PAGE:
WHO Outlines Lifestyles That Increase Risk Of Cancer

Minister of Health, Professor Isaac Adewole


Five leading dietary and behavioral life-styles that cause one-third of deaths from cancer have been highlighted by the World Health Organisation (WHO).

They are low fruit and vegetable intake, lack of physical activity, tobacco use, alcohol use, and high body mass index.

“Tobacco use is the most important risk factor for cancer and is responsible for approximately 22 per cent of cancer death,” WHO disclosed.

According to it, cancer causing infections, such as hepatitis and human papilloma virus (HPV), are responsible for up  to 25 per cent of cancer cases in low and middle income countries.

The global authority on public health is saddened that late-stage presentation and inaccessible diagnosis and treatment are common.

WHO declared that economic impact of cancer is significant and is increasing .

“Only one in five low and middle income countries have the necessary data to drive cancer policy,” it pointed out, noting that cancer is a leading cause of death worldwide.

WHO said:  “Between 30-50 per cent of cancer can currently be prevented by avoiding risk factors and implementing existing evidence-based prevention strategies,”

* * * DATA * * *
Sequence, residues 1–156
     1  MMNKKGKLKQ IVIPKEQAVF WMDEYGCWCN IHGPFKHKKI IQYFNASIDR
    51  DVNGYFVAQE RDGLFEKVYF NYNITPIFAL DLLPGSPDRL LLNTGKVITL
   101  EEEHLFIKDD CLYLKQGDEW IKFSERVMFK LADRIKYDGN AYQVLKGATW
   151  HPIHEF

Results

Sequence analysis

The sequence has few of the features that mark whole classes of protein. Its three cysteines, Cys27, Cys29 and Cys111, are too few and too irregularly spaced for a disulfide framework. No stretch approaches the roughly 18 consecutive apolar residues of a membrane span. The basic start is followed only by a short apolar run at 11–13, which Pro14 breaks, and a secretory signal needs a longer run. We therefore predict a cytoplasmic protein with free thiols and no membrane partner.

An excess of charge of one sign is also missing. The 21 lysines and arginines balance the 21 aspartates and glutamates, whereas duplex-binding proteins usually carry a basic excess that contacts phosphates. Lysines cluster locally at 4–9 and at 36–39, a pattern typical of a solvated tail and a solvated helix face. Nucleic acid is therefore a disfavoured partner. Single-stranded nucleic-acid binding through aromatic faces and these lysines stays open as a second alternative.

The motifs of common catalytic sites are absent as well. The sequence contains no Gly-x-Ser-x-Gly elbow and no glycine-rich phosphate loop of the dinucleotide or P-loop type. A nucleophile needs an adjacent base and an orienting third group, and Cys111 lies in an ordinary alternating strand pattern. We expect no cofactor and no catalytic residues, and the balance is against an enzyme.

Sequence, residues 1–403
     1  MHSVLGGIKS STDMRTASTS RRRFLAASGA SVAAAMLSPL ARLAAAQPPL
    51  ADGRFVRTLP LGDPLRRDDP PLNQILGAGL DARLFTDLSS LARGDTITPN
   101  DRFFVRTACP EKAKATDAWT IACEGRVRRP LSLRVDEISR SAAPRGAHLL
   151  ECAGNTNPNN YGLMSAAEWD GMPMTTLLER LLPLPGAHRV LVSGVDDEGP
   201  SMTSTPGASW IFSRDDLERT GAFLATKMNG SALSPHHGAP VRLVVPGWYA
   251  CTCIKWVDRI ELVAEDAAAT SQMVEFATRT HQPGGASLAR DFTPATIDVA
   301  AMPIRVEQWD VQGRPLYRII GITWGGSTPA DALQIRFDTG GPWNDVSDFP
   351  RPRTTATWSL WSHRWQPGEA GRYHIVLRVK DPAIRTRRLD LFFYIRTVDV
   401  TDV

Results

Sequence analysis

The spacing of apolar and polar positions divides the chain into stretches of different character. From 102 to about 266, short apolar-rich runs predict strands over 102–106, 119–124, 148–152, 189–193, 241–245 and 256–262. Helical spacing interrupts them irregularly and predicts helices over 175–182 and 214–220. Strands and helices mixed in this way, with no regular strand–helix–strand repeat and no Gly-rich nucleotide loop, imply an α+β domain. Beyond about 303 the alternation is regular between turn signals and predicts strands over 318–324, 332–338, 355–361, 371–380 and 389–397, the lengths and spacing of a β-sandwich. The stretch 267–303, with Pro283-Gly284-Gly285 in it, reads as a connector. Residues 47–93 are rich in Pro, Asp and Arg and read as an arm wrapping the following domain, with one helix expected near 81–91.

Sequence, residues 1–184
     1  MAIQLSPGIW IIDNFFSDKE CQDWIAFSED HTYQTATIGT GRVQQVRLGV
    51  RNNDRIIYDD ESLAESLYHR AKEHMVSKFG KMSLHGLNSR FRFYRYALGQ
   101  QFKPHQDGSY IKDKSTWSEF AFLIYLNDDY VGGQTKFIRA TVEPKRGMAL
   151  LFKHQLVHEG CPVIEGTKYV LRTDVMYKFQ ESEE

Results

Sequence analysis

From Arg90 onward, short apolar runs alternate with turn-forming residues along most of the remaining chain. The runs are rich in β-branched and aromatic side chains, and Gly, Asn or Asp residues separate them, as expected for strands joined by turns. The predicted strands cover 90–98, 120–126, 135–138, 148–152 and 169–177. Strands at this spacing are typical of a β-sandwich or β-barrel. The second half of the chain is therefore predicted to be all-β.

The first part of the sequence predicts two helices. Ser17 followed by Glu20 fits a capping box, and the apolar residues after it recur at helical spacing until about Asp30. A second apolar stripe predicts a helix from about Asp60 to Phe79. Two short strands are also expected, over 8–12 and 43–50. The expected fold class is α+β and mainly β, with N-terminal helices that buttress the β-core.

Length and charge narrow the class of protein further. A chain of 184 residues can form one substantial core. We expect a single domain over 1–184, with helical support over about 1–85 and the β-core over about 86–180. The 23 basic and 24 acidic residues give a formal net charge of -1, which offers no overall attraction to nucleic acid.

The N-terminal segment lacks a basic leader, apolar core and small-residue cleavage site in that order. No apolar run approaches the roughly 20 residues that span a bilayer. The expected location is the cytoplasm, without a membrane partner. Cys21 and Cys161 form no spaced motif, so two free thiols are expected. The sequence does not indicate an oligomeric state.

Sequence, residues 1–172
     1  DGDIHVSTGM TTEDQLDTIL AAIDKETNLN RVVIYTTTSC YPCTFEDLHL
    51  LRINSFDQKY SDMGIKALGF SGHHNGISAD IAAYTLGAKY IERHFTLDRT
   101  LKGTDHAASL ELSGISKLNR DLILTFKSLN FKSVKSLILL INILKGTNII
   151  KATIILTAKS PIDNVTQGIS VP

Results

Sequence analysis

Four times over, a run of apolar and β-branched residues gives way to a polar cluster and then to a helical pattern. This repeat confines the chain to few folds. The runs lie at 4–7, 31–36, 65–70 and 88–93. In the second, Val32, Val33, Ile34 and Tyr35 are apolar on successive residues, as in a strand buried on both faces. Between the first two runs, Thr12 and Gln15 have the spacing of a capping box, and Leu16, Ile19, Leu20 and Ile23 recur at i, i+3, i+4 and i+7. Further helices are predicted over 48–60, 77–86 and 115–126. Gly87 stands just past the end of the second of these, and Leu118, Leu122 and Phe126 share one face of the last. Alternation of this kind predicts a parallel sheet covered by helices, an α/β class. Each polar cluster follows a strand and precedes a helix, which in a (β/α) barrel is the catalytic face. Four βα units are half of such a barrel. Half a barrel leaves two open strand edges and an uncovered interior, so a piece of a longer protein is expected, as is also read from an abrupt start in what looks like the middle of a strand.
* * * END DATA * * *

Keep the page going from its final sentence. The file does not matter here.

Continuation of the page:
It stressed that the cancer burden can also be reduced through early detection of cancer and management of patients who develop cancer.  “Many cancers,” WHO maintained, “have a high chance of cure if diagnosed early and treated adequately.”

The health body warned that tobacco as a risk factor includes cigarettes and smokeless tobacco.

It advised people to pursue prevention strategies.  “To prevent  cancer,”  WHO stressed, “people may vaccinate against HPV and Hepatits B virus, reduce exposure to ultraviolet radiation, reduce exposure to ionizing radiation (occupational or medical diagnostic imaging).”

WHO also advocated early diagnosis which consists of three steps that must be integrated and provided in a timely manner.  They are:  awareness and accessing care, clinical evaluation, diagnosis and staging, as well as  access to treatment.

It emphasized that potential for cure among early detectable cancers is high.  “Some of the most common cancer types, such as breast cancer,  cervical cancer, oral cancer and colorectal cancer have high cure rates when detected early and treated according to best practices,” WHO elaborated.

World Cancer Day is observed on 4th February every year.


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